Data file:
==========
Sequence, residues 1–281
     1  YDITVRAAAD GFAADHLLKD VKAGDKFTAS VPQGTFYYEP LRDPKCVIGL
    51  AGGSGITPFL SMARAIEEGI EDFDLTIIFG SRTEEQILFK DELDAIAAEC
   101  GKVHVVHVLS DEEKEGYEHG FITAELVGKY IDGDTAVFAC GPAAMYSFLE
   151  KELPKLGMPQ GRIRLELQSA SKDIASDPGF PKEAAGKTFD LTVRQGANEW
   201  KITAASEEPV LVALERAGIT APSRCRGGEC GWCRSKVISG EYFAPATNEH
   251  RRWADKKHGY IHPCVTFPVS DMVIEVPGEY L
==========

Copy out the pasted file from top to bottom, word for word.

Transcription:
Sequence, residues 1–281
     1  YDITVRAAAD GFAADHLLKD VKAGDKFTAS VPQGTFYYEP LRDPKCVIGL
    51  AGGSGITPFL SMARAIEEGI EDFDLTIIFG SRTEEQILFK DELDAIAAEC
   101  GKVHVVHVLS DEEKEGYEHG FITAELVGKY IDGDTAVFAC GPAAMYSFLE
   151  KELPKLGMPQ GRIRLELQSA SKDIASDPGF PKEAAGKTFD LTVRQGANEW
   201  KITAASEEPV LVALERAGIT APSRCRGGEC GWCRSKVISG EYFAPATNEH
   251  RRWADKKHGY IHPCVTFPVS DMVIEVPGEY L